An early-morning traffic accident in a Paris tunnel killed Diana's companion, Dodi Al-Fayed, and the driver of their car. But Diana was conscious after the accident and did not appear to be seriously hurt. In truth, she was bleeding internally.
Had the accident occurred in the United States, Diana would have been rushed to a hospital. However, the French have a different system: They first try to stabilize the patient at the scene. Still, as CBS News correspondent Erin Moriarty reports, that difference doesn't explain the series of missteps and delays in Diana's medical care that experts say never should have happened.
"My first reaction was this is not what should be expected of emergency medical services for anybody in this type of circumstance," says Chicago's Dr. Stanley Zydlo, a pioneer of emergency medical care in the U.S.
Zydlo and three other emergency medicine specialists analyzed a 40-page French accident report obtained by CBS News. All four agreed that mistakes were made.
"Yes, with hindsight, they probably would have done it differently, I suspect," says Dr. Annie McGuinness of London.
Diana: Remembering A Princess
At 12:32 a.m. on Aug. 31, 1997, rescue workers arriving at the scene find Diana conscious, but agitated.
At 12:45 a.m., a French doctor arrives. Not initially recognizing the extent of her injuries, he gives Diana Hypnovel and Fentanyl - a combination of drugs that calmed her down, but is also known to sometimes cause heart and respiratory problems.
"Do you believe that these sedatives could actually have aggravated her situation?" asks Moriarty.
"The word is 'could have.' Yes, they could have," says Zydlo.
Time is lost as rescuers remove an already dead Al-Fayed from the car first.
When emergency workers ask to take Diana to a hospital just four miles away, it takes another 10 minutes for the hospital to agree. It is now 1:29 a.m.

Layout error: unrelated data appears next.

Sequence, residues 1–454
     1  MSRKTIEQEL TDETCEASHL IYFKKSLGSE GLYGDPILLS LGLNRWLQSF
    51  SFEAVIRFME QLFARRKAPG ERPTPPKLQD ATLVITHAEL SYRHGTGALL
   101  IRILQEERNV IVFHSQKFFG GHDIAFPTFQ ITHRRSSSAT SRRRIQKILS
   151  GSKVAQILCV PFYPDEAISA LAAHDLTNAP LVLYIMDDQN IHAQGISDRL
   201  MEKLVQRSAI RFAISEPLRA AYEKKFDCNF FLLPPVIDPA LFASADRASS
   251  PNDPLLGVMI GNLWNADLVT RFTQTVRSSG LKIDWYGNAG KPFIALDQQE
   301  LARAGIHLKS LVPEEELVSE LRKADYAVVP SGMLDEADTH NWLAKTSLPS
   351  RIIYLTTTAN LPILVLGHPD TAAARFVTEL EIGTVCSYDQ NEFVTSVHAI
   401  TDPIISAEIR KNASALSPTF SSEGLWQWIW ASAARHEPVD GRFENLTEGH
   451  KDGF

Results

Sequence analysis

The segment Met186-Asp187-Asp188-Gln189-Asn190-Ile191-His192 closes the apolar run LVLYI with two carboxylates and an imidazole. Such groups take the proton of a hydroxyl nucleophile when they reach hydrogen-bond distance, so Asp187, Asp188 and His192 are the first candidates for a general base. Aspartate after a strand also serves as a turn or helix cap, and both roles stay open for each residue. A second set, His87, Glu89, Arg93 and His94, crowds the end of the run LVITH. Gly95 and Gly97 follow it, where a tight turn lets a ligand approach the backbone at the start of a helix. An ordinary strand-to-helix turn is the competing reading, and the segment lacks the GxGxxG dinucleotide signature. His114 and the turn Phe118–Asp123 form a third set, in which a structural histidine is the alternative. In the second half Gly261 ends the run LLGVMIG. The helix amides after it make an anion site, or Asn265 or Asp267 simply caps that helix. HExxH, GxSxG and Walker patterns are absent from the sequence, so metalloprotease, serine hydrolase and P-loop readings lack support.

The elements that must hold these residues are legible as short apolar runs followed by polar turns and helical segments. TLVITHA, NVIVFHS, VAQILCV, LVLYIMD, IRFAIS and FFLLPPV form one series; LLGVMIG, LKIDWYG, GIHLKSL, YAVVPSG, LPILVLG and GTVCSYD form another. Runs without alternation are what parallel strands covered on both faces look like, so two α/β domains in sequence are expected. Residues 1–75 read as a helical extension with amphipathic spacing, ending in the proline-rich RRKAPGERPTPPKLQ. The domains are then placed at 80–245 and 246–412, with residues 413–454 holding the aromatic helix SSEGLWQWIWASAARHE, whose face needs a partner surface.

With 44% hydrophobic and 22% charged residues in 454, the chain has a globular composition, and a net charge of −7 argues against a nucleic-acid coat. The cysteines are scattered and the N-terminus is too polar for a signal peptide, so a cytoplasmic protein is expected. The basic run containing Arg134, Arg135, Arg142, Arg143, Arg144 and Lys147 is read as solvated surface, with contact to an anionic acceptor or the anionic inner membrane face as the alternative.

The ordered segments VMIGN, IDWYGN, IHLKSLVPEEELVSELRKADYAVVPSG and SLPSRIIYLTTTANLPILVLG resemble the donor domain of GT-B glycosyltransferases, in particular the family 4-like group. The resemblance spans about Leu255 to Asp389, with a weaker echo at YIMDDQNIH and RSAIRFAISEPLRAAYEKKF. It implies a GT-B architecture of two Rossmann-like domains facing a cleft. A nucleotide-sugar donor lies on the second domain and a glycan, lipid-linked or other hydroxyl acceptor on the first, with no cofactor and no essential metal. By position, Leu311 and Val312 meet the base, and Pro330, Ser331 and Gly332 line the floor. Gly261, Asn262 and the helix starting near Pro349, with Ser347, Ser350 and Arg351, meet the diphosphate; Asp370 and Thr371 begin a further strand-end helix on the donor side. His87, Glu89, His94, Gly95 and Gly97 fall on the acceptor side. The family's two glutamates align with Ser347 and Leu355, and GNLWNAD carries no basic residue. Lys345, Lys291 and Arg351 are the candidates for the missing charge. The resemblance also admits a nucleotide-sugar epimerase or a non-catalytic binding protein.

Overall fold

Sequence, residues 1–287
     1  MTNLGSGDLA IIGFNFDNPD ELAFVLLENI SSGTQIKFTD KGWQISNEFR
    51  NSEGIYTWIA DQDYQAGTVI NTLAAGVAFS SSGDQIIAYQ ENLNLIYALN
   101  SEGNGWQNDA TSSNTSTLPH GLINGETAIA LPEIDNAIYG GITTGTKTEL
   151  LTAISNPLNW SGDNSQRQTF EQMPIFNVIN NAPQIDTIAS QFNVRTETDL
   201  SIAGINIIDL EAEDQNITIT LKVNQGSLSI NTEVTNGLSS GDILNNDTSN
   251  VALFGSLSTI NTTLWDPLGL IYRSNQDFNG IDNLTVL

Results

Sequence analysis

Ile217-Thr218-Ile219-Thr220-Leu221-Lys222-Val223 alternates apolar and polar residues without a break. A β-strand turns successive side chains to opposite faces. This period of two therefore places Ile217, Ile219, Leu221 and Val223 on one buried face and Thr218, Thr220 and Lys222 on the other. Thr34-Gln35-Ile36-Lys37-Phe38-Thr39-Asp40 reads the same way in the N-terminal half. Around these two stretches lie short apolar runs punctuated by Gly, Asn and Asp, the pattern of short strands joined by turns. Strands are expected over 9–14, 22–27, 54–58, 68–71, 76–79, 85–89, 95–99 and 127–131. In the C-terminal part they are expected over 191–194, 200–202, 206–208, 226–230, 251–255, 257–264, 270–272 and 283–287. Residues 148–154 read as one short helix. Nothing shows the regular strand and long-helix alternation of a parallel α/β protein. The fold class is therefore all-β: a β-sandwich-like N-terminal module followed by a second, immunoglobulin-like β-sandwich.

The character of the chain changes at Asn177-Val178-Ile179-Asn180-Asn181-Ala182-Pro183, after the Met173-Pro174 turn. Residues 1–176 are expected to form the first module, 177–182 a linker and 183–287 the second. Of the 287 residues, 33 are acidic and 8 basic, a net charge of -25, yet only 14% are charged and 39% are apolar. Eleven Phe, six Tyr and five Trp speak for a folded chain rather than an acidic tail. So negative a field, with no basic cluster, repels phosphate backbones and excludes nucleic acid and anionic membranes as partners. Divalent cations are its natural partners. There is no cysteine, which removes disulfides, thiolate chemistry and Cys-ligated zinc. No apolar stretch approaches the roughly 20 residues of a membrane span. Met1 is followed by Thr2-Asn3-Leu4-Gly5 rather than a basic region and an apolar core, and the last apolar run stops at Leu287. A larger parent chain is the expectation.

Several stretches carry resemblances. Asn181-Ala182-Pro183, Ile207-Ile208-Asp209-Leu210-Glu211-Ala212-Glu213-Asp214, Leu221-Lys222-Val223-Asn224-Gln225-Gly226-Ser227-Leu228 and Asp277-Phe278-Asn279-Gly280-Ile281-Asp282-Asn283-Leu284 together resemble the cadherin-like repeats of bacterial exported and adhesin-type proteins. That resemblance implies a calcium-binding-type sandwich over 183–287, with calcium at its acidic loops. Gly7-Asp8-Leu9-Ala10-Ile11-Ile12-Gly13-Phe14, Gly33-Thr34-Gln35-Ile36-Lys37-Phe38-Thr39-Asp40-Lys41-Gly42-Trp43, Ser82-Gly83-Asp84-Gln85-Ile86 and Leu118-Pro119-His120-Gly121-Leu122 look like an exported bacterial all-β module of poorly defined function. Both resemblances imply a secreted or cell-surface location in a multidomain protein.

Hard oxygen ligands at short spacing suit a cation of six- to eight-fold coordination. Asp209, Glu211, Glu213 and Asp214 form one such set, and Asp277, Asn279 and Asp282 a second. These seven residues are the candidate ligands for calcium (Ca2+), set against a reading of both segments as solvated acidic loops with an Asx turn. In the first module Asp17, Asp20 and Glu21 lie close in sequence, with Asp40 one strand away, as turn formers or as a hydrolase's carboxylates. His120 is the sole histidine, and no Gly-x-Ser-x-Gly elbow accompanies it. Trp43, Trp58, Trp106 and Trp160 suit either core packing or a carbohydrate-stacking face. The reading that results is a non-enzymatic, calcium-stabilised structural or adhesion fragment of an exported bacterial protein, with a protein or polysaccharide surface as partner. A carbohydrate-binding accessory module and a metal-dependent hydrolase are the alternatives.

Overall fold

"They should have had a receiving hospital before they were ready to leave the scene, given that they had already spent nearly an hour on the scene," says McGuinness.
Even more time is lost as the doctor orders the ambulance to drive slowly for fear of aggravating Diana's condition.
The result: Diana doesn't arrive at the hospital until 2:06 a.m. - nearly two hours after the accident.
All told, Zydlo estimates 70 minutes were lost by bad decisions.
How crucial is that time in an injury like Diana's?
"Anybody that's bleeding has to have the bleeding stopped as soon as possible," Zydlo said.
Diana is pronounced dead at 4 a.m.
Could she have been saved?
McGuinness believes Diana was too badly injured. Zydlo says we'll never know.
"I can't say she definitely would have survived, but it certainly took away all of her chances," Zydlo said.
No official from the French emergency system would comment on Princess Diana's treatment for this report - but in 2002, five years after her accident, the French emergency guidelines were changed. Today, a patient with the same the unstable blood pressure would be rushed to a hospital.